Though Lohri festival has no religious significance but it holds a great
social significance and is celebrated as a day of imparting social love
to one and all. The festival of Lohri is meant to relieve people from
worldly day to day routine, and make them relaxed, cheerful and happy.
It is the time when people from all castes and social strata come
together forgetting all past differences and grievances. Every year
Lohri succeeds in bridging the social gap, as people visit homes,
distribute sweets and greet each other.
Apart from this, the festival of Lohri is related to the harvest season.
Harvest and fertility festivals a special significance for an agrarian
country like India. Punjab being a predominantly agricultural state that
prides itself on its food grain production, it is little wonder that
Lohri is its one of the most significant festival. Thus, Lohri is
symbolic of ripening of the crops and of copious harvest. Lohri instill
sensitivity among the people towards their environment and culture. The
fundamental theory behind the festival of Lohri is the sense of
togetherness and the culturally rich legacy of the people of Punjab.
Lohri in Punjab and Haryana have always been celebrated with much
exuberance and fanfare. They believe in celebrating this harvest
festival together and rejoicing it to the fullest. For the masses this
festival is a popular occasion for social intercourse and enjoyment.
They make a bonfire and roast 'fresh chholia' (green gram) in pods with
its leaves and stems intact, and eat it. They also sing and dance
sitting around the fire. Lohri is thus a community festival and is
always celebrated by getting together with neighbors and the relatives.
The focus of Lohri is on the bonfire. The traditional dinner with makki
ki roti and sarson ka saag is quintessential. The prasad comprises of
five main items: til (gingelly) , gajak (a hardened bar of peanuts in
jaggery or sugar syrup) , gur (jaggery) , moongphali (peanuts) , and
phuliya (popcorn). There is puja, involving parikrama around the fire
and distribution of prasad. This symbolises a prayer to Agni, the spark
of life, for abundant crops and prosperity.
Therefore, the festival of Lohri has great social significance. This
time is considered auspicious for marriages and to undertake new
ventures. The farmer, comparatively free from his yeoman's duties, takes
to fun and frolic. The golden color of the ripening corn in the fields
pleases him. For newly-weds and newborns, Lohri is a special occasion.
Families of the bride and groom get together and celebrate by dancing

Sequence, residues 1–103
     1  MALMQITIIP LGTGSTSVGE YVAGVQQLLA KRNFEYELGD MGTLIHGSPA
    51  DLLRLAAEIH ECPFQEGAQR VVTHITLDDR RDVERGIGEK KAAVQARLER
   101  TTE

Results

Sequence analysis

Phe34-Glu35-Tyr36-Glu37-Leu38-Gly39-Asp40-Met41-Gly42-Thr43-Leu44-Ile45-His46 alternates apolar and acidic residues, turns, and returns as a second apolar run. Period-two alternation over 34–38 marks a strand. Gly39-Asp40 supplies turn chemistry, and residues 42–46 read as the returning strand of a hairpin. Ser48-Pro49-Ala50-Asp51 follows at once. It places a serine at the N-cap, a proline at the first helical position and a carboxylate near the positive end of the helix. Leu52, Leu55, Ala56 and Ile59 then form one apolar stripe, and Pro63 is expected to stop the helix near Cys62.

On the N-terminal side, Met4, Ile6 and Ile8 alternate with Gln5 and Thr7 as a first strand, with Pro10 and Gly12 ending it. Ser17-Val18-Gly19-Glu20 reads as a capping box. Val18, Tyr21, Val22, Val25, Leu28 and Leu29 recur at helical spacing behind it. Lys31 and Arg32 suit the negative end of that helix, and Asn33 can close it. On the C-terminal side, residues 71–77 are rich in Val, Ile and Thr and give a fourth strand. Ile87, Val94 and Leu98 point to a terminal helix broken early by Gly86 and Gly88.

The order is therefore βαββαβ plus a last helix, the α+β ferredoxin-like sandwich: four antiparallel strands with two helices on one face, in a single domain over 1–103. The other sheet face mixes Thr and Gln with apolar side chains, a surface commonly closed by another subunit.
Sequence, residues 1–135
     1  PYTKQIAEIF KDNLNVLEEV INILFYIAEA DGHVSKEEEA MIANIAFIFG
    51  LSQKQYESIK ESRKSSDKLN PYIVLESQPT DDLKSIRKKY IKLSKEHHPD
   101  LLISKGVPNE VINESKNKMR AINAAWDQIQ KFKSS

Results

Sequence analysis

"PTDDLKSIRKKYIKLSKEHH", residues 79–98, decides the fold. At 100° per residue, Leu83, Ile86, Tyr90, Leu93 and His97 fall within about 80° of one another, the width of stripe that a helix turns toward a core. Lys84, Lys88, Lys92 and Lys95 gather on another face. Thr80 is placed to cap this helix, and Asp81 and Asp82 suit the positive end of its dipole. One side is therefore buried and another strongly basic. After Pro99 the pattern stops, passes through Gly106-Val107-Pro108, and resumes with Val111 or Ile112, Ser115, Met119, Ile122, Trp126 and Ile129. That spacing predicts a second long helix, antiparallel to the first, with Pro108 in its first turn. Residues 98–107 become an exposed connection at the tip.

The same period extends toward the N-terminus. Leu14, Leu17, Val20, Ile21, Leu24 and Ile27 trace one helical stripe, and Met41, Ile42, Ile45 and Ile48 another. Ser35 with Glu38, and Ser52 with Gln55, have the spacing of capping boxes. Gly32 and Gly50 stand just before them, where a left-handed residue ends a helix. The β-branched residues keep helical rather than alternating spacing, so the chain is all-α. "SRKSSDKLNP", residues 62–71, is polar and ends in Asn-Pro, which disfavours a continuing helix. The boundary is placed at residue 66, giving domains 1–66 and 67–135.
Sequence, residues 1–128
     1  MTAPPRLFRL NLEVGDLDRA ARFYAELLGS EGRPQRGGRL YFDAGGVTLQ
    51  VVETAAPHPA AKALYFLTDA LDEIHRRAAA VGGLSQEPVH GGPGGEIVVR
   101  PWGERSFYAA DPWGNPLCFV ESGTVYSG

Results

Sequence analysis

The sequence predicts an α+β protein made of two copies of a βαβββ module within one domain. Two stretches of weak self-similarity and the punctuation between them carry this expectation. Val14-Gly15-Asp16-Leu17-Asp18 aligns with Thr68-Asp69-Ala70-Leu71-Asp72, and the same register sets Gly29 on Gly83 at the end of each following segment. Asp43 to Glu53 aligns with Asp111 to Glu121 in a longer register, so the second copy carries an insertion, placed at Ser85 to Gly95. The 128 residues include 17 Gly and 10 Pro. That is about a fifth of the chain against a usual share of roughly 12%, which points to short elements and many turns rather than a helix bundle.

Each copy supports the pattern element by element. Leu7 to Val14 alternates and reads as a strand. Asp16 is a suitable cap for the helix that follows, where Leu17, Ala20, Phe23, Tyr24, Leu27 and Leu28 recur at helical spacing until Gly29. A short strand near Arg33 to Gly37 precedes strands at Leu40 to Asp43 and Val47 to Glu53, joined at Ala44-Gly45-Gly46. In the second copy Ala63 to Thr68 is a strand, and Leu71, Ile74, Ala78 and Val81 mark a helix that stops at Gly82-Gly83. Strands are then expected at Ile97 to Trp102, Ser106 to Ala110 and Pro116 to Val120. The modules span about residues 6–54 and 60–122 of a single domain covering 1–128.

around the fire and expressing their joy. Lohri is a grand event of
social and cultural integration, bringing about unity, amity, harmony
among all castes and communities.
Lohri is celebrated throughout the country in different forms, having
various regional names as a harvest festival. It is called Pongal in the
South, Bhugali Bihu in Assam, Bhogi in Andhra Pradesh and Sankranti in
the central part of the country. Modes of celebrating Lohri are also
different, but the message conveyed by the festival, that of setting
aside differences and rejoicing by celebrating the end of the harvest
season and the chilly winter, is the same. The various regional names of
Uttarayan: Uttarayan, traditionally believed to be the starting point of
the sun's northward journey, is celebrated according to the solar
calendar on 14th January. When the sun enters the orbit of a rashi from
another, it is called sankranti . Uttarayan is celebrated all over
Gujarat but the excitement is high at Ahmedabad, Surat, Nadiad and
International Kite Festival: From dawn to dusk, people of all ages fly
kites rejoicing in the spirit of the International Kite festival of
Gujarat. Falling on 14th January, the sky is enlivened by kites of
different colors and hues. Kites soar in the sky, their lines moving as
if alive. Crowded rooftops, fun-loving rivalry to outdo each other, and
delicious Gujarati feast are the hall-marks of the day.
Pongal: In south, Pongal is a festival when god is praised with a simple
faith and sincerity. Old vices are all washed out and all that is good
is welcomed in this New year. This festival is of all living things, who
look up to the heaven in joy and thankfulness to God for everything that
He gives to man specially peace and happiness and the feeling of
Makar Sankranti: Makar Sankranti marks the beginning of Uttarayan, the
Sun's northward journey. Makar is called Capricorn in the western
astrological calendar. Makar Sankranti falls on 14th of January every
Thai Pongal: The Thai Pongal Festival is an occasion to celebrate
fulfillment of their vows to Lord Murugan. It is one the biggest
festival days after Mahasivarathri for the followers of Lord Shiva.
Bihu / Bohaggiyo Bhishu: Bihu is the most important non-religious
festival of the Assamese people. People of this state observe it every
year irrespective of their class and caste. It has been observed from
time immemorial and has been adjusting itself at different ages taking
into consideration the changed situation of a particular age.
Ganga Sagar: Situated on an island in the Sunderbans, Ganga Sagar is a
lovely destination where culture and religion mingle in peace. With the
mild winter of gangetic West Bengal, the season to continues all year
round. Here Ganga sagar mela is held that is one of the largest fair in